402 Productions

Frederik Knop, Conrad Rodenberg, and Felix Zimmermann; the three men who together make up mOck, create an utterly refreshing and precisely focused brand of post-rock. If a scientist were to create this band in a laboratory, he/she would extract a pinch of bleak tonality from Slint along with their accurate musicianship. Stirring in some infrequent time signature changes and a knack for dry, systematic lyrics will yield this group.
This album operates like a well-oiled machine. Ten textbook post-rock numbers become interspersed with six short helpings of roughly recorded instrumental tape tracks to comprise mOck. Songs seem to move from one to another seamlessly, mostly in part to the aforementioned interludes that prevent more than two legitimate studio songs to be played subsequently. It’s a small but thoughtful touch given to this record that separates it from conventionality, as you are not used to well-paced “interruption” between songs like this; as a result, it harbors great flow. Just imagine The Who Sell Out, but instead of fake commercials inserted randomly at the ends of tracks, they were replaced with dissonant, spacey grooves.
Another perfectly fitting attribute to this band is their execution and choice of vocals. Knop, the bassist and singer, is probably only heard for about thirty percent of this LP. When he does choose to sing, he lists off very repetitive and scientific lyrics. Romance is out the door. “All you are is controlled/drink the wine/spill the wine,” Frederik drones concernedly and languidly towards the end of “Montreux”. Every verse sung on mOck sounds as if it had been written by the robot character from Radiohead‘s “Fitter Happier,” and fits snugly whenever it rears its head.

There is a slight downside to being so dour throughout an album that clocks in at about thirteen minutes shy of an hour. Listening from start to finish won’t present an obvious rift, but by suggestion, it would have been really nice to see a song or two in the major key. This isn’t to say that every song dwells in a zone of morbidity, but even tunes that teeter on the line of slight glee are bogged down emotionally by an air of mystery, like “Time And Motion” and “57″. The inclusion of a feel-good track would have bumped this release up from being incredibly good to flawless.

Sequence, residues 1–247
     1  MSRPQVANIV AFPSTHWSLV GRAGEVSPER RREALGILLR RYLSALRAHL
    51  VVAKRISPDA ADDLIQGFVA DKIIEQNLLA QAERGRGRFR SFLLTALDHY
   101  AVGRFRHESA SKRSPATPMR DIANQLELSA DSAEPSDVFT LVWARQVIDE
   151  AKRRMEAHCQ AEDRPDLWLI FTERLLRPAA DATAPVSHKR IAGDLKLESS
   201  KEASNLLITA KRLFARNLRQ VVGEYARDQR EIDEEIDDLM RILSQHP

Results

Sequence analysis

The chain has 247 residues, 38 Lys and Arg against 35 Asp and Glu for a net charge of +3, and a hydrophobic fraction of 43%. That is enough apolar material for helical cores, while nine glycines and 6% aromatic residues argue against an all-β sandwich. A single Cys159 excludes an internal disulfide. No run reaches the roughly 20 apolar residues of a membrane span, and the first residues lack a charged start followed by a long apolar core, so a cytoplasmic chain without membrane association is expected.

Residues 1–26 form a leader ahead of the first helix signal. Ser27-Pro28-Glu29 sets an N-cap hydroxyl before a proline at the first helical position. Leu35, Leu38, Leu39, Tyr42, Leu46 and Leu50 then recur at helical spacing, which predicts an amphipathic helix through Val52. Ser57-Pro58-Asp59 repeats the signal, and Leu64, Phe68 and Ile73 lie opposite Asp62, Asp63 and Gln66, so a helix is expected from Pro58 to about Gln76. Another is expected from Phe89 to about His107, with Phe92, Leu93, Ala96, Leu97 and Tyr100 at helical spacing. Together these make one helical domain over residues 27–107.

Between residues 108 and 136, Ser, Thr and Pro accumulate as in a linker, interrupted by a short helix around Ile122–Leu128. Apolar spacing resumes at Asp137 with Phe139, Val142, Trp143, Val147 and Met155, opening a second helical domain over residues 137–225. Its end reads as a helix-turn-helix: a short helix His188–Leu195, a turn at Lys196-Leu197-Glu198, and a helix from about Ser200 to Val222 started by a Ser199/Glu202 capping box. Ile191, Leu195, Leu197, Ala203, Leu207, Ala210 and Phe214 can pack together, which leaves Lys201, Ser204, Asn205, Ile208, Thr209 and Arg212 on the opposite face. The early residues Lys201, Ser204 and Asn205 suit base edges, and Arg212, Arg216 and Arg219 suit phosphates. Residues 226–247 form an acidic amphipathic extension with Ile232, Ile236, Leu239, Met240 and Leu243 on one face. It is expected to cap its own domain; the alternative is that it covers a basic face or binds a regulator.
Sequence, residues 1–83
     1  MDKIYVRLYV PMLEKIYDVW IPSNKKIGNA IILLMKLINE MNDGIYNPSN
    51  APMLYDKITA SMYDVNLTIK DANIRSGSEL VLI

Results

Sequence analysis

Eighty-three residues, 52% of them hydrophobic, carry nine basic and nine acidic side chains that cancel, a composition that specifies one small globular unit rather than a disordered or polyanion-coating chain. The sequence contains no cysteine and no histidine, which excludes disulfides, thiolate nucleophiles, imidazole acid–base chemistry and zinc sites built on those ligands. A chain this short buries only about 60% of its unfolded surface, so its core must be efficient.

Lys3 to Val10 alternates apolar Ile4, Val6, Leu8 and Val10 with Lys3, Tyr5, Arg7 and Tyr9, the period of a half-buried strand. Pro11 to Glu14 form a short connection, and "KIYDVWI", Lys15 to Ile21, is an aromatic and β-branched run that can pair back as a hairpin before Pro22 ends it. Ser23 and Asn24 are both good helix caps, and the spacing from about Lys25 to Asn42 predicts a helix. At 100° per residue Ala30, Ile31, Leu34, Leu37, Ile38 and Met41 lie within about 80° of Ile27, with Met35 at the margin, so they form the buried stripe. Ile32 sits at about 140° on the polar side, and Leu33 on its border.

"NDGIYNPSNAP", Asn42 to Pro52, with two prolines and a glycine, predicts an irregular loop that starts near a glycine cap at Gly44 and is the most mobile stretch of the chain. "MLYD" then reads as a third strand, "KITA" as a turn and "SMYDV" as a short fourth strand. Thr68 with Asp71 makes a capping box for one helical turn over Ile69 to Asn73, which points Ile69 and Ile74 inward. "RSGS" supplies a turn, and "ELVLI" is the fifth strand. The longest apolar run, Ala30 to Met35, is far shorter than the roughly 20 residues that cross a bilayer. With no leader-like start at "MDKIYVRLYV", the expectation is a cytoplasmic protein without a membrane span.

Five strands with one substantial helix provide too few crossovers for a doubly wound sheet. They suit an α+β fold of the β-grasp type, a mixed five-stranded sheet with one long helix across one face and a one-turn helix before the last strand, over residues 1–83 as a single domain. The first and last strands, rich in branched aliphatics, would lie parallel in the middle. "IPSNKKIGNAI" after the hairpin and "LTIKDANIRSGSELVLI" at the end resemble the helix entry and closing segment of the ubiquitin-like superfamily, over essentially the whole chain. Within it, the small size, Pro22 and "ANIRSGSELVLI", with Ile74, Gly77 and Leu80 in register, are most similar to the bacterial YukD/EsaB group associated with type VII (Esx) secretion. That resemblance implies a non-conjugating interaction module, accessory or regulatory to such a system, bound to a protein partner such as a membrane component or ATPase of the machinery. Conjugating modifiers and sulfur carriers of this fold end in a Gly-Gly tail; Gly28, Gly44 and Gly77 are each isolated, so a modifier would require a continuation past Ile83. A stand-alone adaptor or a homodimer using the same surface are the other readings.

mOck are an excellent find. They are mandatory ear candy for those who are fans of Slint and Pinback. mOck is one of those good, old-fashioned awesomely impressive debut works. It balances math and post-rock superbly and has that sheen, fresh, new car smell. For a year that has been pretty barren as far as noteworthy music is involved, these guys have proved otherwise, which is why they have earned a nomination for album of the year.


Built on a Weak Spot

Up until this point Berlin’s mOck has only had brief appearances on some split 7-inches, which is where I initially heard them. In particular their track on the split they did with the now defunct Rapid Cities. At the time it didn’t seem clear as to what the and were attempting with a five minute sprawling song that jumped between a more standard type of post-hardcore and the smooth jazzy influenced math-rock that they seemed to turn on at the press of a button. Confusing? A bit. Interesting? Somewhat. Thankfully they have this debut full-length to kind of clear things up and allow me to dig into them a bit more.